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Star catcher Michael Rothenberg returns to lead Duke baseball's offense once again

Rothenberg returns as one of the best catchers in the country.
Rothenberg returns as one of the best catchers in the country.

Last June, 160 high school and college athletes saw their names called in the abbreviated, five-round 2020 MLB Draft. 

Michael Rothenberg was not one of those players. 

In any normal year, Rothenberg would’ve certainly received a phone call during one of the draft’s 40 rounds. In fact, in any normal year, he would’ve likely been drafted within those first five rounds. But this past year has been anything but normal, with COVID-19 leading to a cost-saving, shortened MLB Draft and forcing Rothenberg to watch 160 other players see their dreams come true. 

Now, the senior catcher will return to the diamond rocking Duke blue for what will likely be one final season, with more to prove than ever before. 

“Coming out of the cancellation season, I thought my Duke career was done…. I heard from a lot of teams that I was in that top-five round pool. I really thought I would still be picked,” Rothenberg told The Chronicle. “Draft day comes and the draft turns into more of a three-round draft with rounds four and five being more money-saving type picks, so I didn’t hear my name called—obviously [that was] a little disappointing.”

The road to the MLB for Rothenberg was not necessarily closed at that point. Undrafted free agency began immediately in the following days, and like many of the other draft-worthy players who didn’t make the cut, Rothenberg was fielding calls from teams all across the country who could offer him a second chance at his ultimate goal. The money isn’t as lucrative and the mountain to The Show becomes steeper, but it’s an opportunity nonetheless. 

Ultimately, though, Rothenberg decided a run at the draft the following year and a chance for a national championship with Duke was enough to decline all professional offers, after hearing from nearly every team in the league. 

“I had the opportunity to either sign with a professional team or come back to school,” Rothenberg said. “[I] spoke to a bunch of teams, heard some professional teams out, and then made the decision to come back to school. And I think it was certainly the right thing.”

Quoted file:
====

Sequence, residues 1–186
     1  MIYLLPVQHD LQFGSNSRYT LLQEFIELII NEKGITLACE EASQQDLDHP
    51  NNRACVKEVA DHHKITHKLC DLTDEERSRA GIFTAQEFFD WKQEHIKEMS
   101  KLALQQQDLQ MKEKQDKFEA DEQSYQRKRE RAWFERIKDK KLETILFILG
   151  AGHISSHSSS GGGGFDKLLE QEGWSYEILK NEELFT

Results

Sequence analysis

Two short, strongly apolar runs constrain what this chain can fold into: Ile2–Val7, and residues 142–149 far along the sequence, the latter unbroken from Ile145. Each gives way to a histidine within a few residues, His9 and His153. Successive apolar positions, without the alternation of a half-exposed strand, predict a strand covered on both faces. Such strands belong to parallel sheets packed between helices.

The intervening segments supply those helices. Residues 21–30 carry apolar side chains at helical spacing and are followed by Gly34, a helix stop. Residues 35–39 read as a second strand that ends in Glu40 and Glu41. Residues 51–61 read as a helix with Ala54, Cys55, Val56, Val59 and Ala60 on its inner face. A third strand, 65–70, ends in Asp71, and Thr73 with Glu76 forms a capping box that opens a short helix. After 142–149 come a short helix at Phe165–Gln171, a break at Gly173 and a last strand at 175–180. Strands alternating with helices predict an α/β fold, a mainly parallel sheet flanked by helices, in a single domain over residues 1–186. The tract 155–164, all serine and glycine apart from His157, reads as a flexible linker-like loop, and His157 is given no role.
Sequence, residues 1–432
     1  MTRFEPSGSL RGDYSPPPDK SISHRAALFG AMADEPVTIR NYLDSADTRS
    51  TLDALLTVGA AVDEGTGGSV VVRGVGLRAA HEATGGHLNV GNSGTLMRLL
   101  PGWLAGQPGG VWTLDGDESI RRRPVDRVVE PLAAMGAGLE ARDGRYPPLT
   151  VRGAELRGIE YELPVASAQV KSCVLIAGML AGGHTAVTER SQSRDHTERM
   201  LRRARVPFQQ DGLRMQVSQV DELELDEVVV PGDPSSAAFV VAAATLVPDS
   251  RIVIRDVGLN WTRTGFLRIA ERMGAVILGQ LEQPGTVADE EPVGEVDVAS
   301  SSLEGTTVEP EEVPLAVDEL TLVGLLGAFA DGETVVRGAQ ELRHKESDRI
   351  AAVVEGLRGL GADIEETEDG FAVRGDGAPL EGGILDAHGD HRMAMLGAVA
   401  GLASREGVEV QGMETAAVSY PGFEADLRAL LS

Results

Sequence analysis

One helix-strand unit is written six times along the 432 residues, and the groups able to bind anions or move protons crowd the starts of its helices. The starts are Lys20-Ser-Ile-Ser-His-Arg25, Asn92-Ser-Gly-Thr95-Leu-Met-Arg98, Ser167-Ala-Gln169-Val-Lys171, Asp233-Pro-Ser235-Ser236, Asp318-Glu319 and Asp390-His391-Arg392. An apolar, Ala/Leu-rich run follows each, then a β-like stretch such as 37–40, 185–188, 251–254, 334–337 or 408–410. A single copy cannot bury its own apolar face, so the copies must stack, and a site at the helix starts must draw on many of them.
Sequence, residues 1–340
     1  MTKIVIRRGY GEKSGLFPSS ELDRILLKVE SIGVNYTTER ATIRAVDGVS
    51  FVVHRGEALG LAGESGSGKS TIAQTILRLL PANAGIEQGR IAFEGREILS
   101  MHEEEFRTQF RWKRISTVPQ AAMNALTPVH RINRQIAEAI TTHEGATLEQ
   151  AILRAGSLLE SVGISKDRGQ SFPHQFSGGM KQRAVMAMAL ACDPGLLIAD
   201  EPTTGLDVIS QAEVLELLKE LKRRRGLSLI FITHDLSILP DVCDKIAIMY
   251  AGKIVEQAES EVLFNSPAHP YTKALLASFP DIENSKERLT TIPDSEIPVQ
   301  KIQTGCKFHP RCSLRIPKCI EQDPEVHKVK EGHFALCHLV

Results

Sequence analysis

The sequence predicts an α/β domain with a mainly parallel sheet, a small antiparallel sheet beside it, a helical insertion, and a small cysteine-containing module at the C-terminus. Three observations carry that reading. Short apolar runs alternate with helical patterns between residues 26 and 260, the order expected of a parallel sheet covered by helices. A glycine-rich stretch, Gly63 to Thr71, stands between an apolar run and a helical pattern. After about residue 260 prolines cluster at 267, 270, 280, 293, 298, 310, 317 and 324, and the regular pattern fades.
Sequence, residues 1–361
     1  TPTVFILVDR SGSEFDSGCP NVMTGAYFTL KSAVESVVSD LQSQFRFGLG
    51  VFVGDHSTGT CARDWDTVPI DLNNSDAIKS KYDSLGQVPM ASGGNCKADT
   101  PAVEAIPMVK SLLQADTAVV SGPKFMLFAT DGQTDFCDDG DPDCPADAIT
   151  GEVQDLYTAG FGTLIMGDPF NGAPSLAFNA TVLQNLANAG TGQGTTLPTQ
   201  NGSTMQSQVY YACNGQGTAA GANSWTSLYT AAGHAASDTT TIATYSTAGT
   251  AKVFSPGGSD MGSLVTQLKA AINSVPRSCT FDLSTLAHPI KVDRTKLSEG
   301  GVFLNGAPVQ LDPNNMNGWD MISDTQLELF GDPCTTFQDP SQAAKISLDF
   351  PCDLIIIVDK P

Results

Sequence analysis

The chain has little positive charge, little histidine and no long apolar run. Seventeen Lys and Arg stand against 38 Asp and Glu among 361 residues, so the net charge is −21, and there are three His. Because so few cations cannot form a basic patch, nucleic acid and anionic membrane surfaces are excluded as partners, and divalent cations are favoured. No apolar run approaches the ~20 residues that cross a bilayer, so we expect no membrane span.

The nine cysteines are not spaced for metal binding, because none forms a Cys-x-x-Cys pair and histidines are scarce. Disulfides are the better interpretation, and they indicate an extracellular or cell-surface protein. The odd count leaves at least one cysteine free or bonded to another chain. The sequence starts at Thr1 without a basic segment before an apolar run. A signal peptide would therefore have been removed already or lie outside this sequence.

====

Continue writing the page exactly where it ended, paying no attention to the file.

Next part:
Star pitcher and close friend Bryce Jarvis heard his name called No. 18 overall, making him the highest-drafted Blue Devil in program history. The two teammates entered Duke in the same class and quickly became friends off the field, eventually forming one of the most dominant batteries in college baseball on the field as well–Rothenberg caught Jarvis’ perfect game nearly one year ago to the day.

The bond between a pitcher and catcher often transcends the sport, so although the duo is broken up, Rothenberg said they’ll remain close friends no matter what.

“Bryce and I played together for three years and we’re pretty close, me and him, so we talked throughout the process leading up to the draft about what we were each hearing,” Rothenberg said. “We were actually living together down in Florida training during that summer period, so we were able to have lots of face to face conversations about it. After the draft was more just congratulations for him and I was super proud that he was able to do that and become the highest draft pick in Duke baseball history.” 

As Rothenberg said, not getting drafted was disappointing. But this Duke team still means everything to the Florida native. Although continuing his career at the next level is important, right now Rothenberg is simply focused on two things: improving himself and winning. 

“For personal goals, expanding on some personal success I found last year through 16 games, continue to drive in a lot of runs. Especially in that three-four spot in the lineup, I’m hoping to get up to that 60 RBI mark over the course of the season and be the main run producer on a top-10 offense,” Rothenberg said. “In terms of team goals…. I think taking that next step and getting to Omaha [for the College World Series] and competing there is something that all 43-some-odd guys on this team are laser locked on trying to accomplish this year.” 

The switch hitter has been nothing short of impressive throughout his three years in Durham. His career batting average sits at .275, reaching .349 across 16 games last year before the season was cut short. He also boasts a career slugging percentage of .471, including last year’s mark of .605. But perhaps his most impressive stat is the 15 walks he amassed in just 70 plate appearances last season, leading to an ACC-leading .551 on-base percentage.

“Those guys shouldn’t be back in a normal year,” head coach Chris Pollard told The Chronicle regarding Rothenberg as well as fellow senior Joey Loperfido. “They wouldn’t be back, but man has it been a blessing to have them both back. Joey’s a captain and Mike’s our time management liaison—they’re both in leadership roles for us. They’re both terrific players and it’s been a privilege to coach them both, so to get one more year to coach both those guys is really a blessing and they’re going to be a big part of our team this spring, that’s for sure.”

When the time comes, Rothenberg will surely see his name on the MLB draft board. But right now, he’s focused on his likely last season in Durham. The Blue Devils have their eyes set on Omaha, and are looking at their four-year starting senior to lead them there.  


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